Why has the right-wing media recently launched a series of unremitting attacks against Media Matters?
The attempt to diametrically dismiss Media Matters, a modernized and less aggressive version of Fairness and Accuracy in Reporting, has seemingly failed the right-wing media. The organization has maintained its tax-exemption status, increased its credibility as a research group, and managed to find a particularly strong financial resource in liberal billionaire George Soros and his foundation, the Center for American Progress. It’s not surprising that a more aggressive strategy to weaken and dismantle David Brock’s anti-Fox News operation has been undertaken, given the stakes: reactionary ideology inexplicably contradicts itself to the point of self-destruction whenever Media Matters seems to republish it.
Tucker Carlson’s Daily Caller has taken the lead in a blistering crusade against Brock and Media Matters. It launched a scathingly cynical “investigation” into the pair, offering “obtained” emails and unnamed sources that granted the Daily Caller’s reporters little more than irrelevant gossip. This isn’t an opinion of my own, incidentally—
the Guardian‘s Reuters’ Jack Shafer, a respected libertarian, called the series “bad journalism and lame propaganda”, and most importantly, “weak tea”.
But the fact that the Daily Caller’s uncontroversially “laughable” investigation into Media Matters isn’t where the fight against this relatively small operation is happening. It’s been Fox News’ biggest pet peeve for a long time, dating back to 2006 when Hannity and Colmes was still on the air. An interesting development in Fox’s targeting of Media Matters, besides its unabashed enthusiasm for giving airtime to the “reporting” by websites like Breitbart.com and the Daily Caller, has been the excuses that Fox commentators have been giving to bring up the subject of Media Matters in order to smear it.
Bill O’Reilly, for example, recently argued that the alleged coordination between Media Matters, the Democratic National Committee, and news organizations like MSNBC would be “blatant corruption of the first amendment.” To provide more insight into this seemingly constitutional topic, he brought Bernie Goldberg on the March 14th edition of The Factor:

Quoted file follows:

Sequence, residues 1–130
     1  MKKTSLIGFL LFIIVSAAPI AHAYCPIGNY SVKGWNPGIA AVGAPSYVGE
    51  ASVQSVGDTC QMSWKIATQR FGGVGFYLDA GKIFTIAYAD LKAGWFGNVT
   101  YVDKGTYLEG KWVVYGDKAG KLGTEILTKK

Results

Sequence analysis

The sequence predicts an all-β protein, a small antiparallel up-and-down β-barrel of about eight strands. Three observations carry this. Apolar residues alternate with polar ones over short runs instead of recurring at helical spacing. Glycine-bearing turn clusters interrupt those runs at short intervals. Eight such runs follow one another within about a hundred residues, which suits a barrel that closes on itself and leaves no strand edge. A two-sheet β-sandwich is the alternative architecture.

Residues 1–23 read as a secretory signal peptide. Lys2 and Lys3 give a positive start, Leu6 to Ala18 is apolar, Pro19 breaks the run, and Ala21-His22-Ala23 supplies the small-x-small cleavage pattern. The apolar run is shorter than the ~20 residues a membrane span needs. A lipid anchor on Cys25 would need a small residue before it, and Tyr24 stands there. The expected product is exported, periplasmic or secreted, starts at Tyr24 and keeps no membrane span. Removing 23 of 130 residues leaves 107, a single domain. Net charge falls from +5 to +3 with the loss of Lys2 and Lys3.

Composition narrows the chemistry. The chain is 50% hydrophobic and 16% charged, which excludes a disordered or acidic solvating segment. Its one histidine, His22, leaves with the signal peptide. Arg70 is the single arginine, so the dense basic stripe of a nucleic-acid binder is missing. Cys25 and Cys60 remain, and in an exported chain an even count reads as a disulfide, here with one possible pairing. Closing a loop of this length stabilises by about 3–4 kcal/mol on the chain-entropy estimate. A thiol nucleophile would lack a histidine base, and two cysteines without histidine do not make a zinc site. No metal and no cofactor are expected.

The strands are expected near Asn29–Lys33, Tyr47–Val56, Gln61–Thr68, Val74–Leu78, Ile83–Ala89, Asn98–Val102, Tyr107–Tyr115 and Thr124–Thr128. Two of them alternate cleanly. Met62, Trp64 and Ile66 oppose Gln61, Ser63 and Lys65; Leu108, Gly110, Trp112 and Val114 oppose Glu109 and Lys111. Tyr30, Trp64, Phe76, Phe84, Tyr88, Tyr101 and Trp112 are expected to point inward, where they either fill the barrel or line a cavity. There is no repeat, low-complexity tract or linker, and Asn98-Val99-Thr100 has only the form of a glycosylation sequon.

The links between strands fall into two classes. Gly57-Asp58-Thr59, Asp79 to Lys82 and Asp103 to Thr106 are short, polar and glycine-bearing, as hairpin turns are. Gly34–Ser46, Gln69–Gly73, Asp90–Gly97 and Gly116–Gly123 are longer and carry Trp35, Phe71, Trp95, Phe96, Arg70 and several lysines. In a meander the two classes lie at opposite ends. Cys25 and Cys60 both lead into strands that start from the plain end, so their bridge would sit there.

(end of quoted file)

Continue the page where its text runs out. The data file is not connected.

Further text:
…while Media Matters does have some allies in the media, these allies are not necessarily in positions of power, and Goldberg noted that Media Matters isn’t necessarily making journalists more or less liberal than they already are. Goldberg agreed that Media Matters is “annoying,” but its influence on the electorate is negligible.
Goldberg’s assertion that Media Matters isn’t making journalists “more liberal” is simply a non-sequitur in this conversation. Firstly, it doesn’t matter if individual journalists are more liberal or more conservative on Cable television or in the agenda-setting press, because the institutional structure of the private media system dictates the specific narratives that the news media provides on a daily basis. Arguing that a left-wing statement that appears within a fraction of an hour’s worth of airtime is relevant to media bias as a science is absurd. As Justin Lewis and Edward S. Herman famously argued, this would be like saying that the workers on the floor of a factory have any influence into what the car industry produces. Bernie Goldberg proves, unsurprisingly, that he has no logical credibility as a media analyst, despite writing multiple books on the subject.
Media Matters is “annoying”, a word commonly used by the conservative media to describe the organization, because it doesn’t really do that much. The little that it does do is technical research: it records and closely watches right-wing outlets of activism, talk radio, and news organizations, then posts the recorded material on its website. There’s not much else to what they do, although one could argue that this is significantly important.
This seemingly marginal work infuriates the right-wing, because much of what conservative organizers say requires an “inner logic”, to quote Noam Chomsky. Regular listeners become strikingly ideological, and even emotionally attached to such reactionary logic and the answers it provides. Thus, when Media Matters posts a 5 minute video and the right-wing vigorously attacks it for taking the material out of context, conservative ideologues may well believe that’s true. Outside of the perverted inner logic of the reactionary “context” (a 4 hour radio show ), the logic seems absolutely ridiculous and most importantly, counter-intuitive, which is precisely what Media Matters intends to do.
This is why Media Matters rarely has to re-articulate or explain what it republishes. The material isn’t logically sound and, ironically, an abomination of free markets in itself. Media Matters doesn’t republish right-wing material because it makes the conservative press look bad—it republishes right-wing material because it looks bad as soon as cartesian common sense is applied by the individual, and not the organizer behind the microphone. Understanding the right-wing’s assault on Media Matters reveals little about the organization or David Brock; rather, it reveals just how cynical the right-wing media has become.